Can we go on this journey, trapped by our traditional political thinking?
I would like to draw attention to several factors therein. How should we proceed forward by solving these crises? What are the responsibilities of political parties in that journey? Can we go on this journey, trapped by our traditional political thinking?
We have to think anew about the political party system. The activities of the parties should be reorganised in a manner that suits the future. Should we continue to think of politics today, in the same way? Political education should be seriously considered.
In the year 1977, we were able to create a new economy that accomplished a number by our expectations and hopes as youths. Now, the absolute contribution of our youth should provide to create a new economy appropriate for the future. Their skills should not be limited to a protest venue. We should create opportunities to utilise their creative skills for the future of the country. In the upcoming elections, more youth should come to this Parliament. The next election should be the term of the youth.
I consider that the creation of a new Constitution with new attitudes in order to provide space for youth, is one of the main priority tasks.
At present, the President has the full right to appoint the members of the Election Commission, Public Service Commission, Police Commission, Judicial Service Commission, etc. I directly say that it is not a favourable condition for democracy. We should change that condition. Presently, it has inherited more power from the President than the previous king of Sri Lanka. It should be changed immediately.
The President of a country does not have to be a King or a God who is exalted above the people. He or she is one of the citizens. Therefore, separate flags, separate logos, separate honour awards should not be consecrated. I have already taken some necessary measures and will continue to do so.
As an initiative of the political reform process, we wish to pass the 22nd Amendment to the Constitution, including all the effective elements of the 19th Amendment. I expect the full support of this Honourable House in its adoption.
The Bill of the 22nd Amendment to the Constitution has now been presented to the Parliament. It is my view that discussing it and reaching a common consensus are most appropriate. We could not achieve everything we want through the 22nd Amendment to the Constitution. It is fundamental to a series of reforms. It would be a constructive step if we adopt the reforms in one voice.
As I mentioned earlier, measures are being taken to establish the Parliamentary Sectoral Oversight Committees immediately. All the political parties will have the opportunity to work together, through those Committees. I have already submitted to this House the report forwarded by the National Movement for Social Justice in this regard.
Also, I am working to establish a National Assembly consisting of political party leaders. For the next steps, we will be able to arrange a program with a common minimum program with the consent of all, through the National Assembly.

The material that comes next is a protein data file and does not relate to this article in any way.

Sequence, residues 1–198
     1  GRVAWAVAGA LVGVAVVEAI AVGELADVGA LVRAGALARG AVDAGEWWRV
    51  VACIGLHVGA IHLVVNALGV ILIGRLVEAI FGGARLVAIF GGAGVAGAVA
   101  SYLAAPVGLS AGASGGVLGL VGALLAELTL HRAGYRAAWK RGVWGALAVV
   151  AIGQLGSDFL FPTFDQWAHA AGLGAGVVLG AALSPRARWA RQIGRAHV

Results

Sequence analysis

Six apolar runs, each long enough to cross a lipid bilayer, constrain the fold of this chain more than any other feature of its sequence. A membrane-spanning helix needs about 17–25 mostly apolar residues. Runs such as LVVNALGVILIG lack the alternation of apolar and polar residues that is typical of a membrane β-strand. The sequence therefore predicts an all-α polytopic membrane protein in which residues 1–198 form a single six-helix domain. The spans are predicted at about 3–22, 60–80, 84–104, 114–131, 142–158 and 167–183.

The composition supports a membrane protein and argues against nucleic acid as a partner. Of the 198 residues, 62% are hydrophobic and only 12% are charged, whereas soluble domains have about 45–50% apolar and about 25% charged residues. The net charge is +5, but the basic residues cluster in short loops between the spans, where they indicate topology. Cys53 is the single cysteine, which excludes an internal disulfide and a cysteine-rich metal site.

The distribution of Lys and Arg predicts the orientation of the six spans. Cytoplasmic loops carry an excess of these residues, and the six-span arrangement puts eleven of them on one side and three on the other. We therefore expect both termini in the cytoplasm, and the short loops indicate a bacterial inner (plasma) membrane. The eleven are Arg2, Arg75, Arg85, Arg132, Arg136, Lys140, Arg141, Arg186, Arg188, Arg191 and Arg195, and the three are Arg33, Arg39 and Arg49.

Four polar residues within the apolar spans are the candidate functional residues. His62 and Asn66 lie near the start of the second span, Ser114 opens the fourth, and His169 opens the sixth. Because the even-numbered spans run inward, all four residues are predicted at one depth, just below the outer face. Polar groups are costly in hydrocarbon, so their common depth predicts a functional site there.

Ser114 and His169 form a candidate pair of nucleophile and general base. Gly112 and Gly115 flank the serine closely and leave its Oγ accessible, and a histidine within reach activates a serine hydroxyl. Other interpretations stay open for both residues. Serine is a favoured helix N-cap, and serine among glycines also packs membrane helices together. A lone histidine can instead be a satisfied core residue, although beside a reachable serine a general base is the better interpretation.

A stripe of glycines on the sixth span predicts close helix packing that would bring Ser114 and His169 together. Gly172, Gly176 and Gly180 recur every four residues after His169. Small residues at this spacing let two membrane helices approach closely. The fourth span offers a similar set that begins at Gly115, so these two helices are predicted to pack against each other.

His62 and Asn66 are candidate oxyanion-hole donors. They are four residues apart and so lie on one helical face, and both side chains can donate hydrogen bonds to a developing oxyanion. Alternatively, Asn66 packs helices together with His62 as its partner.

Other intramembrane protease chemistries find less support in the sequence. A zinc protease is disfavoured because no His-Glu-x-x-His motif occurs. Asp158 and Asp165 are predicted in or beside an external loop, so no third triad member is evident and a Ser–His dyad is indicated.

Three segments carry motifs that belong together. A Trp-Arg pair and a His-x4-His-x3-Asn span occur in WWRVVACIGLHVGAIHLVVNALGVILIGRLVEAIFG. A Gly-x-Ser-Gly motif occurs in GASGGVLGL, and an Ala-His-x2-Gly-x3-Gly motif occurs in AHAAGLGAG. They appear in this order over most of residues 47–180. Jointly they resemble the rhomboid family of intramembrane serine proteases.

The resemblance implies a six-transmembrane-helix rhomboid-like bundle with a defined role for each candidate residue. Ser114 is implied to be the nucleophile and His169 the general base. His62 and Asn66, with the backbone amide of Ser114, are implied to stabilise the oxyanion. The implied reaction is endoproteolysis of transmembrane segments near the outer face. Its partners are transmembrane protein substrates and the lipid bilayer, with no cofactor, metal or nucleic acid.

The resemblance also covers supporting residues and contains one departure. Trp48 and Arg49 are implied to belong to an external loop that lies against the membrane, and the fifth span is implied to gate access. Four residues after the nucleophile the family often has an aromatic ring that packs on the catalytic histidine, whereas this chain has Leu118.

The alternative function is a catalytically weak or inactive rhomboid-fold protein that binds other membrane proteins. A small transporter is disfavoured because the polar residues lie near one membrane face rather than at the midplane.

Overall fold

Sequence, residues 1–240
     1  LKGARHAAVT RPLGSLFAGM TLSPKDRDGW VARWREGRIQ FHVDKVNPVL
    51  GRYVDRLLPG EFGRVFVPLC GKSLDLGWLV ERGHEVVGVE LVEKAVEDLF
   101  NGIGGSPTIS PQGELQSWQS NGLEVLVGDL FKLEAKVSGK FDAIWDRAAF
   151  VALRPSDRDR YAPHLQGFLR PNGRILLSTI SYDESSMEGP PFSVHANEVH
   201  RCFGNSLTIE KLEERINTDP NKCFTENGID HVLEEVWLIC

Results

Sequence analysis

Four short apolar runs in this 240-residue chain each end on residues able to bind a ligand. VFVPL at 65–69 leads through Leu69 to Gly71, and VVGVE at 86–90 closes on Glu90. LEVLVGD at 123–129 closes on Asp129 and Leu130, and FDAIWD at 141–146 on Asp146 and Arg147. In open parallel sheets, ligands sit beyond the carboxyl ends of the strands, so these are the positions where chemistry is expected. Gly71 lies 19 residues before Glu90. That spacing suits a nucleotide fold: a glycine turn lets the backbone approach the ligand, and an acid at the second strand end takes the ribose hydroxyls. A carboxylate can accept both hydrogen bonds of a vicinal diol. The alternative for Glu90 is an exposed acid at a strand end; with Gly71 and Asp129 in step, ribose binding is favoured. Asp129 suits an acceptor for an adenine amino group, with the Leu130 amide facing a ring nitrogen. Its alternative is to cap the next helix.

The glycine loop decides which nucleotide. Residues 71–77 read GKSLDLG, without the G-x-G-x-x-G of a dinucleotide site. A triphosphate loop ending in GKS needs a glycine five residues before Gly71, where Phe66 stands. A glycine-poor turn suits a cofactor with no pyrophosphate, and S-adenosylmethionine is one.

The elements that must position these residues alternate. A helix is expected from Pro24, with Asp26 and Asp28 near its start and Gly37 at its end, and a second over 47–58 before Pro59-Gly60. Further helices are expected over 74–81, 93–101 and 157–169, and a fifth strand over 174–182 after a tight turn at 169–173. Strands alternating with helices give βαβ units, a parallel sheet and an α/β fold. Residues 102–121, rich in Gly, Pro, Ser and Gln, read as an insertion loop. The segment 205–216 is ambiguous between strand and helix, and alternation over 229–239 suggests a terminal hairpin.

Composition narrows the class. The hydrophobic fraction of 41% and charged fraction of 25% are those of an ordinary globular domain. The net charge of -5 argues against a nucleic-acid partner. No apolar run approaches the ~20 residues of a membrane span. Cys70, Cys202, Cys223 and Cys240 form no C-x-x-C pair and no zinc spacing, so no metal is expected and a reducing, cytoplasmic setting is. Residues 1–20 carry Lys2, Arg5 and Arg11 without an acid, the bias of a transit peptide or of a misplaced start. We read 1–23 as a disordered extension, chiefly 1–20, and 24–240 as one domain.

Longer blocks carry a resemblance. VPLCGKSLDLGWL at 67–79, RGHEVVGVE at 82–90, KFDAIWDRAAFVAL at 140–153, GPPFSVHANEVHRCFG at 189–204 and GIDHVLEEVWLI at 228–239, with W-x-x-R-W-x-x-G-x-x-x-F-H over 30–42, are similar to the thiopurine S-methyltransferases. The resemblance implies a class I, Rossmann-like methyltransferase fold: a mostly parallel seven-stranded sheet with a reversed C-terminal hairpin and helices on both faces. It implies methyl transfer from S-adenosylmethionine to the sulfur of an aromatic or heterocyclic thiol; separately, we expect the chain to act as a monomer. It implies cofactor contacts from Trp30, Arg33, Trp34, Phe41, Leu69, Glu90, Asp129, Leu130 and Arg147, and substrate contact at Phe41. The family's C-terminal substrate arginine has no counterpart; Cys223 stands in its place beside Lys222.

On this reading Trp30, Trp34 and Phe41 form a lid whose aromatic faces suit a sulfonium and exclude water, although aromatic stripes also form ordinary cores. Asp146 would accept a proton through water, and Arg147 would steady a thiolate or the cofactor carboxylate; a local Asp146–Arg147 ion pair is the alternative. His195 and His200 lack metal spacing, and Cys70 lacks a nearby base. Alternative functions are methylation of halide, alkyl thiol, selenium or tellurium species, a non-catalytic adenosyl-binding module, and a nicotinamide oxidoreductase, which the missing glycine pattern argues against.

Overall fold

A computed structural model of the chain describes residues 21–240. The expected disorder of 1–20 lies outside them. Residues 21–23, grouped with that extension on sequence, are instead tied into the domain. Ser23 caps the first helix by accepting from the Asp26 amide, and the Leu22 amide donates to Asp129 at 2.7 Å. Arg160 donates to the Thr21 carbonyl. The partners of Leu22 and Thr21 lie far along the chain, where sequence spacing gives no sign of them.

From the past our country suffered disputes due to disunity. We were divided into ethnic groups. Divided into languages. Divided into religions. Divided into parties. Divided into classes. Divided geographically. Divided by castes.
Certain parties widened these divisions further. These divisions were used to gain power, and seek advantages from the distribution of power. They tried to maintain power by creating various divisions such as ethnic groups, religions, etc.
Ever since I entered into politics, I wanted to create a society with a Sri Lankan identity without these divisions. To create a nation, where children of one mother can live in harmony. I suffered political defeats due to regular engagement in this exercise. It was criticised by extremists, because of my continued stand against racism and bigotry, some political parties slandered me as a racist.
However, I did not deviate from my principle. I will not deviate from that policy.
Today, the majority of the youth have accepted that they want to continue my policies. They chant slogans against racism and bigotry. Protests are being carried out mentioning the necessity of peace among ethnic groups of Sinhala-Tamil-Muslim-Burgher, etc. Sinhalese youths say that all the ethnic groups including Tamils and Muslims should be treated equally. I am glad that the young generation understand the truth that I tried to explain to this society for about five decades.
Space has been created to eliminate all kinds of disunity
Now we have the opportunity to direct the entire country towards that policy with the collaboration of these youths. Space has been created to eliminate all kinds of disunity in race, religion, party, caste, etc. Opportunity has been granted to end the sufferings faced by some communities due to this disunity. Space has been arranged to ensure the basis of determining the advancement of an individual on talent and ability. The background has been created for an environment where every citizen can live in freedom.